The Simpsons, perhaps the greatest television program of all time, and certainly the greatest comedy program, will air the finale of its 30th season this Sunday, in its 30th year of life as a standalone sitcom. For almost three decades, Homer, Marge, Bart, Lisa, Maggie, and their dozens of friends and acquaintances have been iconic features of American life.
This might seem like cause for celebration, but it is not. The Simpsons was getting worse at least 20 years ago and by now it is a shambling embarrassment to its former self. Watching it or its advertisements is like observing an old friend destroying himself. “Get help,” you want to say. But you know it is futile.
What made The Simpsons so great? Strong characters, strong stories, and strong jokes, of course, but this no more captures its triumph than saying that a woman’s nice face captures her charm. The characters were exceptionally varied yet exceptionally rich. The stories were absurd, yet somehow close to home. The jokes came thick and fast without seeming contrived. Everything grotesque and lovable about American life was there, circling an unheralded lower-middle-class family that exposed the truth of G.K. Chesterton’s claim that “the most extraordinary thing in the world is an ordinary man and an ordinary woman and their ordinary children.”
What went wrong? How did The Simpsons go from such heights to its current product, which the critic Charlie Sweatpants calls “Zombie Simpsons”? Perhaps the most elegant explanation is that the writers ran out of ideas. Even as fantastic a cast of characters as The Simpsons has its limits, and as the program dragged into the 2000s, the potential of the secondary characters was exhausted. How many times can the surly barman Moe ruin another relationship? How many times can the devious billionaire Montgomery Burns appear to change his ways? The death of the great Phil Hartman and his timeless characters Lionel Hutz and Troy McClure only exacerbated this creative dearth.
Yet the creators also misused the characters they had. As the eccentrically named Sweatpants details in his analysis, the dim but essentially lovable paterfamilias Homer became a raving lunatic, with a narcissism tempered only by occasional bouts of inexplicable sentimentality. When his foolishness led to the death of harmless irritant Ned Flanders’ wife Maude for example, he blunderingly tried to make amends by hooking him up with a new woman.
The jokes declined as well. They had once come with such frequency and quality that it was like a maestro conducting an orchestra. As the show dragged on, however, improbable references, absurd pronouncements, and lame puns made it appear as if an overcaffeinated teenager was trying to play Led Zeppelin on the ukulele.
A parade of uninspired celebrity cameos further cheapened The Simpsons’ stock. Once, celebrities had appeared to enhance stories, such as when the Smashing Pumpkins swung by, allowing Homer to drop the immortal line, “Thanks to your gloomy music, you’ve stopped [my children] dreaming of a future I can’t possibly provide.” Increasingly, though, celebrities took over the episodes as if they were little more than vanity projects. Lady Gaga’s laugh-free appearance was the worst. If watching The Simpsons had become like sitting next to a smelly old man on a bus, this was like sleeping in a pigsty.
Why is The Simpsons still on the air? Viewing figures have declined from more than 20 million to less than five. To be sure, not all of that is due to its artistic failings. Viewers have a lot more options in 2019. Still, the average Simpsons episode is being watched by more than four times fewer people than the average episode of The Big Bang Theory, for heaven’s sake, a show which is to humor what a knee to the crotch is to polite introductions. Nobody involved in The Simpsons’ creation can possibly imagine that they are doing a good job, or that each hackneyed episode is not degrading their legacy. They’re like an old boxer who with each pathetic performance helps the audience forget he ever had glory days.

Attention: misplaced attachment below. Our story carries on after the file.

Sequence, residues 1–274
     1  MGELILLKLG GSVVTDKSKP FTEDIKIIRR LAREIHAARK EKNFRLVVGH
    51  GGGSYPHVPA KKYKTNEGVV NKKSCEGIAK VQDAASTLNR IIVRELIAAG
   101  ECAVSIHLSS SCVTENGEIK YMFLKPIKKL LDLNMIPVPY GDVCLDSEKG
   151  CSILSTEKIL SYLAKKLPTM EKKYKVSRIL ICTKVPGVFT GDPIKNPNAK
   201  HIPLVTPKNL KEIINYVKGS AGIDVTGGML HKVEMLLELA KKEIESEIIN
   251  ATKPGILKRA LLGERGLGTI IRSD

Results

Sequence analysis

Yet somehow, The Simpsons‘ brand is strong enough that it keeps making money for Fox Broadcasting Company. It has become enough of a cultural institution that an audience keeps tuning in regardless of the quality (perhaps some of the viewers enjoy the show but I charitably assume that much of the appeal is nostalgia and brand recognition). And so long as it continues to generate revenue, it is unlikely that the studio will replace The Simpsons with original programming. Why roll the dice on what could be a failure when you can plump for comfortable mediocrity? This is the attitude that underpins the avalanche of sequels, prequels, reboots, remakes, and adaptations that have swept through cinemas and televisions in our time. We settle for the bland but profitable over the courageous risk.
A more inspiring path was taken, perhaps surprisingly, by Jerry Seinfeld. When NBC approached him requesting a 10th season of his smash-hit sitcom Seinfeld, he turned down a reported $5 million per episode. According to Seinfeld, NBC presented him with a chart that showed their ratings rising year after year. Did he not want to reach their peak? No, said Seinfeld, because they could see how high their ratings could ascend only after they started to decline. “The most important word in art is ‘proportion,’” he said in a later interview. “How much? How long is this joke going to be? How many words? How many minutes? And getting that right is what makes it art or what makes it mediocre.”
I wish the creators of The Simpsons had learned Seinfeld’s lesson. People sometimes talk about going back in time and killing baby Hitler. If I could go back in time and enter fictional realms, I would drive a bulldozer through 742 Evergreen Terrace.
Ben Sixsmith is a British writer living in Poland who has written for Quillette, the Spectator USA, the Catholic Herald, Public Discourse, and Unherd.